Note
Rectangle 27 0

css @font face fonts only work on their own domain?


# Allow font, js and css to be loaded from subdomain
SetEnvIf Origin "http(s)?://(.+\.)?(example\.com)$" ORIGIN_DOMAIN=$0
<IfModule mod_headers.c>
    <FilesMatch "\.(eot|font.css|otf|ttc|ttf|woff|js|png|jpg|jpeg|gif)$">
        Header set Access-Control-Allow-Origin %{ORIGIN_DOMAIN}e env=ORIGIN_DOMAIN
    </FilesMatch>
</IfModule>

If you do not want to allow resources from all domains but only from sub domain of your site, you should do it like:

Note
Rectangle 27 0

css @font face fonts only work on their own domain?


# Allow font, js and css to be loaded from subdomain
SetEnvIf Origin "http(s)?://(.+\.)?(example\.com)$" ORIGIN_DOMAIN=$0
<IfModule mod_headers.c>
    <FilesMatch "\.(eot|font.css|otf|ttc|ttf|woff|js|png|jpg|jpeg|gif)$">
        Header set Access-Control-Allow-Origin %{ORIGIN_DOMAIN}e env=ORIGIN_DOMAIN
    </FilesMatch>
</IfModule>

If you do not want to allow resources from all domains but only from sub domain of your site, you should do it like:

Note
Rectangle 27 0

css @font face fonts only work on their own domain?


<FilesMatch "\.(ttf|ttc|otf|eot|woff)$">
    <IfModule mod_headers.c>
        Header set Access-Control-Allow-Origin "*"
    </IfModule>
</FilesMatch>
FilesMatch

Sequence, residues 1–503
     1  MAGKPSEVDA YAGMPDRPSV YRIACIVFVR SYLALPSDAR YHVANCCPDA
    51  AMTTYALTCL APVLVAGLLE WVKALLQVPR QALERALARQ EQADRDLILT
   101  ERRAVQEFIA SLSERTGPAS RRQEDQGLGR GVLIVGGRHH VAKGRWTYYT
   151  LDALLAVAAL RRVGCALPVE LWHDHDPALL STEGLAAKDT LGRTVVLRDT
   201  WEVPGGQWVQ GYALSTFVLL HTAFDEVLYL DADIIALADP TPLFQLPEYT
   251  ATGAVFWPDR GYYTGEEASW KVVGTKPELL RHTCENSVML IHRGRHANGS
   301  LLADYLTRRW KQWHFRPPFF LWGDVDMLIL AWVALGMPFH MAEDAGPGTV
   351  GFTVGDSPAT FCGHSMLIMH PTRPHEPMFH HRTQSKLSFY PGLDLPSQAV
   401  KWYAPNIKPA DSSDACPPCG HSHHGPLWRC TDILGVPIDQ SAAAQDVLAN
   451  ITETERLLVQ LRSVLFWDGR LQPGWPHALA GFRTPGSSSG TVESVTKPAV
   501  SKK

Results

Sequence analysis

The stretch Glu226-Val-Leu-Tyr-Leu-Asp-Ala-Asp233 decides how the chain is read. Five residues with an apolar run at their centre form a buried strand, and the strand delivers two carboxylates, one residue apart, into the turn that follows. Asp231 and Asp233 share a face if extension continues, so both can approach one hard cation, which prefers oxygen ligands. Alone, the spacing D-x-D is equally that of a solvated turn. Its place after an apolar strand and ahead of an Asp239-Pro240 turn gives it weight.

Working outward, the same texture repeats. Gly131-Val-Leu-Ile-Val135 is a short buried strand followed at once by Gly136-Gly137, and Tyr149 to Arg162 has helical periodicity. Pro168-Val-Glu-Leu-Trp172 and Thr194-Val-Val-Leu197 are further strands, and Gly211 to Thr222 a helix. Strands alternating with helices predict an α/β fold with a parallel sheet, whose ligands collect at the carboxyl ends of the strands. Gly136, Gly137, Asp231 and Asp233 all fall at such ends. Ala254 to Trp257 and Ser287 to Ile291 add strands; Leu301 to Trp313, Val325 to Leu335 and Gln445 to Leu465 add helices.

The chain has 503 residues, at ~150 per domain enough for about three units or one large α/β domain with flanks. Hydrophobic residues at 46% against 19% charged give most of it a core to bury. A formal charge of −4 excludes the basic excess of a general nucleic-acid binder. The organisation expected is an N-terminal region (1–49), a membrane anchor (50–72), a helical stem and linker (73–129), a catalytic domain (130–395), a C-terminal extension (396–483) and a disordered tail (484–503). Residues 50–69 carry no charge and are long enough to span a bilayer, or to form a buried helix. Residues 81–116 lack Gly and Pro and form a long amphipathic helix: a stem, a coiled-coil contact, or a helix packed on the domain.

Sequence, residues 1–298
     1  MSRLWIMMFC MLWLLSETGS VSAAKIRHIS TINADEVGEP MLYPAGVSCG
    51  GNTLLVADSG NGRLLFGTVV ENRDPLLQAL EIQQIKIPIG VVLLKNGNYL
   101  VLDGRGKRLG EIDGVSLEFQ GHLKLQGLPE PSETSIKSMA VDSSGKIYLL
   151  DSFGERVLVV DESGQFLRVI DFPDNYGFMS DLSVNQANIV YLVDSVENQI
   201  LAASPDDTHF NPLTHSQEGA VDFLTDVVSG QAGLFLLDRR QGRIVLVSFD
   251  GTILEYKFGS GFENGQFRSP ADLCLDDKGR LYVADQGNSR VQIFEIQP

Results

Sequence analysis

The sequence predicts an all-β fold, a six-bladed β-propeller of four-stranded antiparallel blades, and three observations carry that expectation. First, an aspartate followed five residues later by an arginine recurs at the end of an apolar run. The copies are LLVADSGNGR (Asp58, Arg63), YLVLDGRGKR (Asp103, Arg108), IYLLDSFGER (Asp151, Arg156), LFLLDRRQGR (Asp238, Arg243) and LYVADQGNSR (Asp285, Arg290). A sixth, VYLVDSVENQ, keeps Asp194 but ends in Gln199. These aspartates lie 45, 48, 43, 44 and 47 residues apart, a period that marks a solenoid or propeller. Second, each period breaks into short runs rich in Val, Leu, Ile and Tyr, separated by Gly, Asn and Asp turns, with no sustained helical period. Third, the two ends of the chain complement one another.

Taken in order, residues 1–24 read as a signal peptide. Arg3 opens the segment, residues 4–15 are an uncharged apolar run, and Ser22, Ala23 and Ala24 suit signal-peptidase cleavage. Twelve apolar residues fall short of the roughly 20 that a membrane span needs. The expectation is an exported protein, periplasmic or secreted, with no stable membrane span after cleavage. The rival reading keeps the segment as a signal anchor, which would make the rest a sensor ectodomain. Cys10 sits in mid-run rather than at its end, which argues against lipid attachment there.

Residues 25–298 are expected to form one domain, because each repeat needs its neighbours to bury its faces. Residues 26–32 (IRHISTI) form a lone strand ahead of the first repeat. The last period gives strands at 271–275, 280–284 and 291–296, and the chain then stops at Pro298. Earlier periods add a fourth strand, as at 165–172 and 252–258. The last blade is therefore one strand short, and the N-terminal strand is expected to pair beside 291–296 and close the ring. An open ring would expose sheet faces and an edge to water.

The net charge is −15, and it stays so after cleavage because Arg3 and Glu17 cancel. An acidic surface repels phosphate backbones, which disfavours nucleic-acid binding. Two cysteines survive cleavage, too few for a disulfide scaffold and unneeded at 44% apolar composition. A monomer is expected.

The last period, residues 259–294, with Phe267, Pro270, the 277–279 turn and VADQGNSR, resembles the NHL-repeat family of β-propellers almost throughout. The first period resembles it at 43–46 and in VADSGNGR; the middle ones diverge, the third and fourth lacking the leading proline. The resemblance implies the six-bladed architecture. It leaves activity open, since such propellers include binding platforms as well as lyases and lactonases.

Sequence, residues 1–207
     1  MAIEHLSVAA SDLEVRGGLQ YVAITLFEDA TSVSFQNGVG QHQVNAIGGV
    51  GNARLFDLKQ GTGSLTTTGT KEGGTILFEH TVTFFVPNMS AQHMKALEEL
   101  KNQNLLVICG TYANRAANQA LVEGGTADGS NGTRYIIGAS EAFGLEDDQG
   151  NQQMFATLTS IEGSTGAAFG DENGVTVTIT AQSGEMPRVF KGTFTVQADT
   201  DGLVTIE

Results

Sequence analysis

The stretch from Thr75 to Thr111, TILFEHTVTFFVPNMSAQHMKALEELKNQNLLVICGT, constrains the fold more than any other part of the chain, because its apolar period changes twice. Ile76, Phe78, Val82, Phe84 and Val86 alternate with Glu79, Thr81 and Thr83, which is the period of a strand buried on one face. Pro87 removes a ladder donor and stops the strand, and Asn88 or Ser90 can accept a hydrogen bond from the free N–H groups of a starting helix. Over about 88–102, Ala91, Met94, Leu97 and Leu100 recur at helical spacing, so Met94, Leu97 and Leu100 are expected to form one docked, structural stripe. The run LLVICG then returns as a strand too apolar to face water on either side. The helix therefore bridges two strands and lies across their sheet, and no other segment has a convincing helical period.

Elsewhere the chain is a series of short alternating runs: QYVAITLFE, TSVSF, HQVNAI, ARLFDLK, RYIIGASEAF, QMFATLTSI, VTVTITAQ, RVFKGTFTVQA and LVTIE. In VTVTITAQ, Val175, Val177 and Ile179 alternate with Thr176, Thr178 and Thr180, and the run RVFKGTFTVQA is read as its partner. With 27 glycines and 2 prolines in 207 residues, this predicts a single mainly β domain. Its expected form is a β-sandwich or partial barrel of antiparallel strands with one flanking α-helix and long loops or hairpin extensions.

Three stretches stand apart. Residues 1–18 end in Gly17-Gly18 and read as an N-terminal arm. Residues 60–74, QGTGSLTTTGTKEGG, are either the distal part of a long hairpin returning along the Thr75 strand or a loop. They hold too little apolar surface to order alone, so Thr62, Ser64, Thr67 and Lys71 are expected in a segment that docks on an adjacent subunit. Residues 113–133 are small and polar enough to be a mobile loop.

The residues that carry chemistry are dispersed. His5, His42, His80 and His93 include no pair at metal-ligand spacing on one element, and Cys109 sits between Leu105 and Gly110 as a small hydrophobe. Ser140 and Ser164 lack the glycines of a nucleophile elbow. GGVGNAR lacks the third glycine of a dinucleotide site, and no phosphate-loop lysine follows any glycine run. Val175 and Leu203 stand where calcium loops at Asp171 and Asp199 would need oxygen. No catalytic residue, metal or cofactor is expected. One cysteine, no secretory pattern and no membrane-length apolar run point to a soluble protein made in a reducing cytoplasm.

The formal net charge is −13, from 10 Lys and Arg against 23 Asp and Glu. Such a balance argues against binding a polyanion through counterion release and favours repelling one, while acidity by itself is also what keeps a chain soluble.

LocationMatch

I actually had the problem in Google Chrome as well, which led me to believe it was a ubiquitous issue, but maybe Chrome has the same thing? Regardless, they both work now. Again thanks very much for the solution and the help with the whitelist idea.

I would however like to set up a way that only I can have access to this repository of fonts but that's another project.

The W3C spec for Access-Control-Allow-Origin doesn't say anything more than either a wildcard "*" or a specific domain. So far, I've found this SO answer which suggests validating the Origin header, but I think that's a Firefox-only header. I'm not sure about other browsers (they don't even need the .htaccess trick above for cross-domain Web fonts to work).

This is because Firefox (from your mention of Firebug) thinks cross-domain, even subdomain, Web font embedding is a bad idea.

Worked flawlessly, thank you very much! And thank you for looking for a way to allow a whitelist of domains, that would be excellent! Again thanks very much! +1

You can convince it to load fonts from your subdomain by adding this to the top-level .htaccess file of the subdomain where your fonts are being served (updated to adapt code from the same file in HTML5 Boilerplate):

You're welcome! I happened to have had this issue when designing my site a couple of months back, and that's what I found :)

Note
Rectangle 27 0

css @font face fonts only work on their own domain?


# Allow font, js and css to be loaded from subdomain
SetEnvIf Origin "http(s)?://(.+\.)?(example\.com)$" ORIGIN_DOMAIN=$0
<IfModule mod_headers.c>
    <FilesMatch "\.(eot|font.css|otf|ttc|ttf|woff|js|png|jpg|jpeg|gif)$">
        Header set Access-Control-Allow-Origin %{ORIGIN_DOMAIN}e env=ORIGIN_DOMAIN
    </FilesMatch>
</IfModule>

If you do not want to allow resources from all domains but only from sub domain of your site, you should do it like:

Note